The blackboard has been replaced by the LED screen, the sway of the ruler with the flicker of the cursor. “My school has launched an app through which homework and class notes are sent,” says Rishikesh Chandra Roy, a class IX student in Bihar, “I attend my classes online, even while sitting at home.”
The Covid-19 pandemic and lockdown has inadvertently catalysed the steadily trotting growth of online education into a full gallop. Many K-12 schools as well as colleges have scrambled to move their curriculum online. The options being used include web platforms that offer course and reference material, video conferencing apps like Zoom to conduct ‘virtual classrooms’ and homework and study materials sent through WhatsApp and email.
But the precipitance of the pandemic has put many educational institutions in a spot. “Typically, it takes months, if not years, to develop an online (educational) platform,” said Pallavi, an edtech communication specialist. “For many traditional institutions, particularly those that have been slower to embrace online education, the challenge is even more formidable.”
This is where supplementary edtech platforms have sensed their opportunity. Many of them, from the domestic market leader Byju’s to the global player Coursera, promptly made access to their course material free. GradeUp, another prominent player, has launched a campaign, #PadhaiNahiRukegi (Learning Will Not Stop), while Vedantu came out with a #21daylearningchallenge, featuring messages from the likes of Hrithik Roshan and Shikhar Dhawan.
“We have seen a 60 per cent increase in the number of students using the app to learn from home daily,” said Divya Gokulnath, cofounder of Byju’s. “Queries from parents and students have more than doubled in the past week.” While the situation has prompted parents to encourage students to use online study tools, the spike is “especially true for JEE and NEET aspirants, with their entrance exams being postponed”, said GradeUp founder and CEO Shobhit Bhatnagar.
Globally, around 1.5 billion students have been affected, according to UNESCO. This includes some 250 million school-goers in India. UNESCO has launched a campaign, titled Global Education Coalition, to encourage companies to provide technology and content for remote learning. The Indian government has SWAYAM, or Study Web of Active Learning for Young Aspiring Minds, which has 1,900 free courses accessible online. Though running for the past four years, traffic on the site increased three times after the lockdown started. The courses stretch across NCERT textbooks, secondary and senior secondary courses, engineering and e-books for school-goers. Additionally, the UGC runs ‘massive open online courses’ for undergraduates and postgraduates, besides its e-PG Pathshala and Shodhganga platforms.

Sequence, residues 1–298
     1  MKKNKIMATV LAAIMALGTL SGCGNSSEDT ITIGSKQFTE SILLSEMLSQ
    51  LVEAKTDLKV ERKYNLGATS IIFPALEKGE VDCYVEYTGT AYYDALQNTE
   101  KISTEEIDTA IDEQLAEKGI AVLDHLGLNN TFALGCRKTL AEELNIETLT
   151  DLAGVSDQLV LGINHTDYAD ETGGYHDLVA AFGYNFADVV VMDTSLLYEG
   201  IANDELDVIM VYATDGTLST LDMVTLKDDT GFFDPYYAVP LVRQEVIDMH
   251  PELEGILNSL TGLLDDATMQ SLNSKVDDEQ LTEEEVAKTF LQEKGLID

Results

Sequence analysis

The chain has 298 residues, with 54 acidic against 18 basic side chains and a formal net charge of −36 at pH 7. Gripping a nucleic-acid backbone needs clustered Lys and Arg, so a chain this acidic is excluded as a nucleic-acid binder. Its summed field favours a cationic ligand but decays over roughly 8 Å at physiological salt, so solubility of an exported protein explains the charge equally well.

Schools have also latched on to the potential of the internet to tide over the unexpected break in the academic session. St Columba’s in Delhi has formed WhatsApp groups to send links and time tables, while Amity schools uses its own Amitranet platform. School management systems like LEAD School@Home (used by Telangana and Karnataka), Vedantu (Kerala and some metros), Entab-CampusCare (private schools in Bihar), Bright Tutee (government schools in Haryana and Rajasthan) and Next Education have all suddenly found mainstream acceptance for dispersing study materials and conducting live lectures. Schools in big cities also use conferencing apps like Zoom, Microsoft Teams and Blackboard to conduct virtual classrooms.
The situation has also opened new avenues. “We anticipated this, and have been training teachers in the use of digital processes,” said Sunita Gandhi, director of GETI, which trains teachers to teach online. Teachers were taught how to use props and hand-made mobile holders to make teaching videos, while students were asked to make videos of their homework, explaining what they understood.
Adults, too, are turning to online tutorials to make use of the free time to upskill or pick up hobbies like music, yoga and drawing. Shine Learning, from the leading Indian job site shine.com, uses an algorithm to figure what new skills a professional might need in a post-Covid-19 future workplace by analysing their resume, job sector and application history.
“This shift in user behaviour toward online learning is here to stay,” said Zishaan Hayath, CEO & cofounder, toppr.com. “As parents and students continue to explore various features, they will realise that online learning is a lot more powerful than an offline class.”
While technology has come in to save the day, it has also highlighted the digital divide even more starkly. The virtual classrooms on Zoom and homework on WhatsApp still remain the preserve of the privileged. Sachin Sharma, the son of a driver, studies in a village school near Kanpur. He blinks when asked about online classes. For him, the Holi break has just extended into a long summer vacation. Then, there are the practical difficulties. Teaching Hindi, for example, has run into a digital drawback—the limitations of the keyboard. Drawing is another. “How do they expect my son to study drawing over the internet, I don’t know,” said Bindu, who lives in the Khan Market area in Delhi, and has been struggling to balance her job, a husband who is working from home and a son who has online assignments. “How many people can afford three computers in a household? I am associated with the health care sector and the maid is not coming since the lockdown started. I also have to sit and learn the online content and then teach my son.”